Fall 2012 Curry Research Lectureship Series

'Learning from Impact Variation: Principles and Practice'

Howard Bloom

Chief Social Scientist, MDRC

October 5, 2012, 11:00-12:30
Holloway Hall, 1st Floor Bavaro Hall

Audio from the Panel

Dr. Howard S. Bloom has spent the past 30+ years teaching evaluation research, conducting evaluation research, and helping others conduct evaluation research. Since 1999, he has been Chief Social Scientist at MDRC, where he leads the development and application of experimental and quasi-experimental methods. Previously, Dr. Bloom taught research methods, program evaluation and applied statistics as a full-time faculty member at Harvard for eight years and at NYU for 12 years (where in 1993 he was selected as university-wide Teacher-of-the-Year). Dr. Bloom frequently conducts methodological workshops and seminars for government agencies, universities and national research conferences.


'When Nurture Becomes Nature or, The Anthropologist's Veto'

David Lancy

Professor of Anthropology, Utah State University

October 19, 2012, 1:30 p.m.
Holloway Hall, 1st Floor Bavaro Hall

Audio from the Panel

David Lancy is an Anthropologist at Utah State University.  He has earned degrees from Yale and the University of Pittsburgh and has done fieldwork in Liberia, Papua New Guinea, Trinidad (Fulbright Fellowship), Sweden (Fulbright Fellowship) and the United States. His research interests include the study of cultural influences on children's literacy, ethnographic research methods, and the anthropology of childhood. In 2001, Lancy was honored by the Carnegie Foundation as Utah's Professor of the Year and in 2011, Dr. Lancy was given the D. Wynne Thorne award as Utah State’s outstanding scholar.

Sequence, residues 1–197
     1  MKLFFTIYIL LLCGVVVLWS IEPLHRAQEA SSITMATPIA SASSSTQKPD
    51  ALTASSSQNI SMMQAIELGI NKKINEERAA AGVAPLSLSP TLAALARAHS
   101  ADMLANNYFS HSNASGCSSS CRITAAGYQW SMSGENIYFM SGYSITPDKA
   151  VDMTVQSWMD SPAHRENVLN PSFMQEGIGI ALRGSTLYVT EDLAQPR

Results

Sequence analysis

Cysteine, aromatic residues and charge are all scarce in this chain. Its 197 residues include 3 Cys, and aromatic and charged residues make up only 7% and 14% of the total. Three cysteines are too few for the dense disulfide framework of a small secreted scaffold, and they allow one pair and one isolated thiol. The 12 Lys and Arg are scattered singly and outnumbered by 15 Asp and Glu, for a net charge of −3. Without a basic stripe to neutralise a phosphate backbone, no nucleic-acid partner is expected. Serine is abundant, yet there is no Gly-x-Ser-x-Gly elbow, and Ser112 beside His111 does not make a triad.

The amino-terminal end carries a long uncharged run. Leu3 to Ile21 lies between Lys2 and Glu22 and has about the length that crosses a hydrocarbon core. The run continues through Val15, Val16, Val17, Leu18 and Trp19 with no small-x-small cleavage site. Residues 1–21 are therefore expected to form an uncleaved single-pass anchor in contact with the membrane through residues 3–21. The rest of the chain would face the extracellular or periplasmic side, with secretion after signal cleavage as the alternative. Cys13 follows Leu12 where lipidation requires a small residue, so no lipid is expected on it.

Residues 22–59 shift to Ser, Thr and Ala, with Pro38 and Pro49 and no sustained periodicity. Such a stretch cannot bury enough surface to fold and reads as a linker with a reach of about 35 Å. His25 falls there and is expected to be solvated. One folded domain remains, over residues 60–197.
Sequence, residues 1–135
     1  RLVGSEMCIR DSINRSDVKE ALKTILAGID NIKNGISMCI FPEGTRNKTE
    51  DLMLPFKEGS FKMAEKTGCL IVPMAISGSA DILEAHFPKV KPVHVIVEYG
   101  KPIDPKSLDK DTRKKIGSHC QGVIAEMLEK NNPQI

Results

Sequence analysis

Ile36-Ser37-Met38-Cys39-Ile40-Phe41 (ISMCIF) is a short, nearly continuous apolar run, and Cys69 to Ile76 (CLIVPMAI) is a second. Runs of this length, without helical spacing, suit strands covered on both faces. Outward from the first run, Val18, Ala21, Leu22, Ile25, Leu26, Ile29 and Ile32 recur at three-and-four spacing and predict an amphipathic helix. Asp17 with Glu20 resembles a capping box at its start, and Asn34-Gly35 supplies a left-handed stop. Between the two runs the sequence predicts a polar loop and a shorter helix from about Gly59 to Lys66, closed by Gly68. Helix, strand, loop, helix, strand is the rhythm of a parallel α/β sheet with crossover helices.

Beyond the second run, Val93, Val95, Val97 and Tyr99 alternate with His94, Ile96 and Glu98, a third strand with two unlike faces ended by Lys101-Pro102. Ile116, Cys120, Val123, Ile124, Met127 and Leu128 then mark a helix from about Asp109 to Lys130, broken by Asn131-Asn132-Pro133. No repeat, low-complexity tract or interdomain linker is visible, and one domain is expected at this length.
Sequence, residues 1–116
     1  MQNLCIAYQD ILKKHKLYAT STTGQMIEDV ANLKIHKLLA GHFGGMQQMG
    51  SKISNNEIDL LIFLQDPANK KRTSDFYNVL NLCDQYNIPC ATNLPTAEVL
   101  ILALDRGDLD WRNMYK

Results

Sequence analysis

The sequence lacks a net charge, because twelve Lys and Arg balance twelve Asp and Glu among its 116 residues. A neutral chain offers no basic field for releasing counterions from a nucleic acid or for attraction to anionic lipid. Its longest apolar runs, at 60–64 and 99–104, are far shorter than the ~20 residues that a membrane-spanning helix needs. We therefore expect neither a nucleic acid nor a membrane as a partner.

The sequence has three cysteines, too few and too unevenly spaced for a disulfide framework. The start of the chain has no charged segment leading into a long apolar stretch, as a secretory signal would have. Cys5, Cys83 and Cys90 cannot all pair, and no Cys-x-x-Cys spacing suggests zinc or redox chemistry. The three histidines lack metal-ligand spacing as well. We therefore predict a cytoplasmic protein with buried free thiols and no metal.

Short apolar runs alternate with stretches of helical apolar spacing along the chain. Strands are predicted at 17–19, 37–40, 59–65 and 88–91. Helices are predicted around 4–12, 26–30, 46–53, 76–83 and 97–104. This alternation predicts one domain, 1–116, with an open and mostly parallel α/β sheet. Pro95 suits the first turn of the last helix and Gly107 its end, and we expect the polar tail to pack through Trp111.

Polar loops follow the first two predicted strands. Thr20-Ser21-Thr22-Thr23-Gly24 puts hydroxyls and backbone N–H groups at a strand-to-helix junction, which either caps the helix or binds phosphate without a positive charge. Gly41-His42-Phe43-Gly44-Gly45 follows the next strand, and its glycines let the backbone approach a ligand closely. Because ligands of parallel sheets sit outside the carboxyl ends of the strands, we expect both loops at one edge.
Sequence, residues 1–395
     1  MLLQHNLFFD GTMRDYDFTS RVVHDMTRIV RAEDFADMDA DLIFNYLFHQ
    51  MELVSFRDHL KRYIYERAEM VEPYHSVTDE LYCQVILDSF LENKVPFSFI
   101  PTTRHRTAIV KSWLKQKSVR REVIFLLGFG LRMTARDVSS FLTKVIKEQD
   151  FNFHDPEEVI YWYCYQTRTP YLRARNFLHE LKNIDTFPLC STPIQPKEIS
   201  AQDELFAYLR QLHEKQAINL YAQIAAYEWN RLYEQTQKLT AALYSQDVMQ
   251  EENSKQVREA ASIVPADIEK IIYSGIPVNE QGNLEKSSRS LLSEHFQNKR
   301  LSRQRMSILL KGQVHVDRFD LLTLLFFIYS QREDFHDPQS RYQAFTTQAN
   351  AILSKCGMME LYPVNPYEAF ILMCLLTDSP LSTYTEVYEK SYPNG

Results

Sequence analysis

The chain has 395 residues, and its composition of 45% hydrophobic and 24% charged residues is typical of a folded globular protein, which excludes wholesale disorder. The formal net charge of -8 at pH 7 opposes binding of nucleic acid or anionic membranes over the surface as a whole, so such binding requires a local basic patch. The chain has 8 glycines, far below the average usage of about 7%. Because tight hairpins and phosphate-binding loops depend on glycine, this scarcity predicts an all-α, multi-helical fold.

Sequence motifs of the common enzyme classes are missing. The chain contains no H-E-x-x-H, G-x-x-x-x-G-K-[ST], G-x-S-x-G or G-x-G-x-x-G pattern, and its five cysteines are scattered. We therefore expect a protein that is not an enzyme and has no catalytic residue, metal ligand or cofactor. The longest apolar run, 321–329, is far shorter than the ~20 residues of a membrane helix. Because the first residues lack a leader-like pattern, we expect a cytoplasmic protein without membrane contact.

Lancy has authored eight books and more than 60 articles, chapters and reviews in major, peer-reviewed journals such as American Anthropologist. One of his books, The Anthropology of Childhood: Cherubs, Chattel, Changelings, has helped launch a new sub-discipline in anthropology and is a candidate for two awards, the Stirling Prize for best new book in psychological anthropology, and the J.I. Staley Prize, described as the “Pulitzer Prize” for books in anthropology.


'Improving Social-Cognitive Skills Among Disadvantaged Youth'

Jens Ludwig

Professor of Social Service Administration, The University of Chicago

November 2, 2012, 11:00-12:30
Holloway Hall, 1st Floor Bavaro Hall

Audio from the Panel

Jens Ludwig is the McCormick Foundation Professor of Social Service Administration, Law, and Public Policy at the University of Chicago, Co-Director of the University of Chicago Crime Lab, a Non-Resident Senior Fellow at the Brookings Institution, Research Associate of the National Bureau of Economic Research (NBER), and co-director of the NBER's Working Group on the Economics of Crime.
His research on education covers a range of topics from early education to school-to-work transitions, and includes recent projects on the effects of family resources on children's outcomes and the consequences of court-ordered school desegregation on youth involvement with crime. His co-authored article on race, peer norms, and education with Philip Cook was awarded the 1997 Vernon Prize for best article by the Association of Public Policy Analysis and Management (APPAM).